We studied spatial variation in the prevalence of the rhizocephalan barnacle Lernaeodiscus porcellanae on its porcelain crab host, Petrolisthes cabrilloi, at four southern California intertidal sites separated by only a few km. The prevalence of rhizocephalan externae varied significantly among sites in 2008-2009, with the southernmost site, White Point, consistently showing higher prevalence than the others. Externa prevalence was a good proxy of estimated true prevalence, i.e., the prevalence of rhizocephalans as a whole, not just those that had formed externae. We examined several hypotheses that might explain the observed spatial variation in prevalence. Host susceptibility to infection (indicated by the proxy of damage to host limbs, some of which are used to remove parasite infective stages), did not differ among sites. At all sites, prevalence was slightly higher in female crabs than in males, and the sex ratio at White Point was slightly female-biased while that at the other sites was male-biased; thus, among-site differences in sex ratio did contribute to observed variation in prevalence. However, most spatial variation in prevalence appeared to be due to the effect of host size. At all sites the probability of infection increased with increasing host size, and White Point crabs were on average much larger than crabs at other sites. Overall, the size-class distribution of host crabs explained 80.4% of the variation in prevalence of L. porcellanae. Larger P. cabrilloi have likely had greater opportunity to be infected by rhizocephalans, either because they are older, or because they have undergone more molts, during which they are especially vulnerable to infection. A deeper understanding of small-scale spatial variation in prevalence in L. porcellanae will require information on the causes of among-site variation in host population size structure.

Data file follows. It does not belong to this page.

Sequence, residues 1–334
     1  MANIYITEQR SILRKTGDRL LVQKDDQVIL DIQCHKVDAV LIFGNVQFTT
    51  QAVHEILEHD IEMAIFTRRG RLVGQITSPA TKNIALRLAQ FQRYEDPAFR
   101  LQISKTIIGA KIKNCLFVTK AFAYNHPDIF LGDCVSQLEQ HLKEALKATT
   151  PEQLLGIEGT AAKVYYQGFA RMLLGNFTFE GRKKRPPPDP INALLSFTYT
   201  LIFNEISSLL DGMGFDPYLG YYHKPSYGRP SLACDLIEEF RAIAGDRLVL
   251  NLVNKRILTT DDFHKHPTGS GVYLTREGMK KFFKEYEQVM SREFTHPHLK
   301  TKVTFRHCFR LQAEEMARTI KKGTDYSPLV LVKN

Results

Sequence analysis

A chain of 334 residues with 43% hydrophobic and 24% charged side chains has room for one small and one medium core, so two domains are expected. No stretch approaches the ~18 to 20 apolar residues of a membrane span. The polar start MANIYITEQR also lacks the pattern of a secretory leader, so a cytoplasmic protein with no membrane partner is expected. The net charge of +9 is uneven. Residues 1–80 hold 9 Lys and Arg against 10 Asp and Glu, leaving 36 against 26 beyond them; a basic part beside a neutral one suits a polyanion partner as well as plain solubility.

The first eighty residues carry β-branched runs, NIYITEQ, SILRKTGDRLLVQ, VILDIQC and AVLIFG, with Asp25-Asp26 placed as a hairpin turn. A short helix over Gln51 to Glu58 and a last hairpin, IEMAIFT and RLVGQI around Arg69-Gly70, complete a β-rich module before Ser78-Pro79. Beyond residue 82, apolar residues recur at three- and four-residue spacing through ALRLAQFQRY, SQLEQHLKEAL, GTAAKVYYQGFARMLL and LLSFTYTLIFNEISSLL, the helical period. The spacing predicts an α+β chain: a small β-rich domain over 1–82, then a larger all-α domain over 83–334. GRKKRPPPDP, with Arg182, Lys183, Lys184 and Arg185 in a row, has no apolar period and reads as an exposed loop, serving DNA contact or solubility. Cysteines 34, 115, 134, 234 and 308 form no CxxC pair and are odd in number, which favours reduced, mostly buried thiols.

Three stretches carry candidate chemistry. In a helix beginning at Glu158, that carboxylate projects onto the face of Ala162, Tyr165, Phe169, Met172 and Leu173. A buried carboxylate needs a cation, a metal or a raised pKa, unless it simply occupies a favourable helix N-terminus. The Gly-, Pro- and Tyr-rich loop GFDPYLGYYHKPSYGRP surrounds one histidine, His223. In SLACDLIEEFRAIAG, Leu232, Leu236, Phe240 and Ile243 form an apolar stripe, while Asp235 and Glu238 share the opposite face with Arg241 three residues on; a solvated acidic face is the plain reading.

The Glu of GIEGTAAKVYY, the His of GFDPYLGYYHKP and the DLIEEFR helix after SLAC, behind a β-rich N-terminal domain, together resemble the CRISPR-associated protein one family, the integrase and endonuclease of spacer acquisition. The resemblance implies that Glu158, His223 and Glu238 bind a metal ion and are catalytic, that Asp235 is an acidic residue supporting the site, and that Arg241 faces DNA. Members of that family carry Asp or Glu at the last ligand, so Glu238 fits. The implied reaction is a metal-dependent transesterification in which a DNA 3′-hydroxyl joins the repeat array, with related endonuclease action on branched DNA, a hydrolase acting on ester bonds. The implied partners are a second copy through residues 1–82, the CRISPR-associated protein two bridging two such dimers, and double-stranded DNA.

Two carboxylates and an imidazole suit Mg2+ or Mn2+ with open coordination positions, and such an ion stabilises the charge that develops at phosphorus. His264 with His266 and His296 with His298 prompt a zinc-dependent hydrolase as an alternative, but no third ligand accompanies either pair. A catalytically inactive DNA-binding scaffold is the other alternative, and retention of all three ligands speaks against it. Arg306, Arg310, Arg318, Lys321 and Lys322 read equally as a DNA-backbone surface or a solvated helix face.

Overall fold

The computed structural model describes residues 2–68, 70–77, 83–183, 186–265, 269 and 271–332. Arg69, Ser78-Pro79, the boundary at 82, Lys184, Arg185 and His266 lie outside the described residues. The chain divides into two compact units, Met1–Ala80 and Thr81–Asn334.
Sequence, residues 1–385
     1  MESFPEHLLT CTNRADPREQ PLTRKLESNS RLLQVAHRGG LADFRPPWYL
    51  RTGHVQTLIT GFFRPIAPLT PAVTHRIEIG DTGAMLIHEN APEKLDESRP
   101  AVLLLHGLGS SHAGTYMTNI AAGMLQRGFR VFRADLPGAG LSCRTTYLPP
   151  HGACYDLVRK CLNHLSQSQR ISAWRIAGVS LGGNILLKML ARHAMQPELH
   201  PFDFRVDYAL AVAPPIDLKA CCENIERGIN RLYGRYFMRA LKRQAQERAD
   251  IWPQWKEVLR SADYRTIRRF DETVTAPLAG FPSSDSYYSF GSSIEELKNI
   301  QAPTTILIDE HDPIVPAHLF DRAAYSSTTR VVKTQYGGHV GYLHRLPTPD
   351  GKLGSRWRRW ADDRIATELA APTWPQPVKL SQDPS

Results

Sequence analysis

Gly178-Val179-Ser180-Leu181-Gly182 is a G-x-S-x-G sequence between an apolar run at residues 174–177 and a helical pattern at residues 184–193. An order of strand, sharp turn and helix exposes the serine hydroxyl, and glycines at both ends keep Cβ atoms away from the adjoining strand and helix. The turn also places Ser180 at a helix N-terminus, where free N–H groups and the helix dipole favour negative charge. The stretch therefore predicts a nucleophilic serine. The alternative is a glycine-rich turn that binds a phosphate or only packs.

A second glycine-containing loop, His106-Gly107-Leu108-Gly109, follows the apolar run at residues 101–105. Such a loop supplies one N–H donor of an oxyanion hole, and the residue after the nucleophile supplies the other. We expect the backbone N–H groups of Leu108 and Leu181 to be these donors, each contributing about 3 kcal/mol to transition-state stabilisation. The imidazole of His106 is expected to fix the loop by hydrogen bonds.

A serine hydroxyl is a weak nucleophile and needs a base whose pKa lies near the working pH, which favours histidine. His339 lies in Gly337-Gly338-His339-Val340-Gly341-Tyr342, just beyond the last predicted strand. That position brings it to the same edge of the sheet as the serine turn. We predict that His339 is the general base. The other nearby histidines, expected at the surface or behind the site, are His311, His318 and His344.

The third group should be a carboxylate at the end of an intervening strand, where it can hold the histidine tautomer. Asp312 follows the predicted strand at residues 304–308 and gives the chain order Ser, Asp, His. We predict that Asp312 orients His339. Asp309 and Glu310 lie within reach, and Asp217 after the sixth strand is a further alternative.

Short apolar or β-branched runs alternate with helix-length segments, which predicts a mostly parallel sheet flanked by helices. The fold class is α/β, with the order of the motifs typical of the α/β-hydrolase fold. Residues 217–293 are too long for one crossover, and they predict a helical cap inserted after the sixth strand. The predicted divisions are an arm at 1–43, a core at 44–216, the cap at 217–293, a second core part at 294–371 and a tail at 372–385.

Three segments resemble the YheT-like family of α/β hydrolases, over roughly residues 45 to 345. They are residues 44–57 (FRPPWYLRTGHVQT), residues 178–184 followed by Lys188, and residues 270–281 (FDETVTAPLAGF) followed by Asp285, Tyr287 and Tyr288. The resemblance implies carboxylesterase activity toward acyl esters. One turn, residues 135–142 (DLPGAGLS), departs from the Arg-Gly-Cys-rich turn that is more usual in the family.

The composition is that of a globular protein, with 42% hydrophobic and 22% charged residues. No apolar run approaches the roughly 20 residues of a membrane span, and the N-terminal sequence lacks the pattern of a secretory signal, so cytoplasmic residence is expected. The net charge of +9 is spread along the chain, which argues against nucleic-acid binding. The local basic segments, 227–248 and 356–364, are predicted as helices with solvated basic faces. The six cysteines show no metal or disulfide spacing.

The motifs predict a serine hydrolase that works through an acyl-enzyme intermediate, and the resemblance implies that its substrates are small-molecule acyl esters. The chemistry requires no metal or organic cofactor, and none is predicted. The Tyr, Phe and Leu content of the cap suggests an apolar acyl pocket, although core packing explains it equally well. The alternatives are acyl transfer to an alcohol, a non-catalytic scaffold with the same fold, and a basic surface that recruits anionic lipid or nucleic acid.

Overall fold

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Vol. 30 • No. 2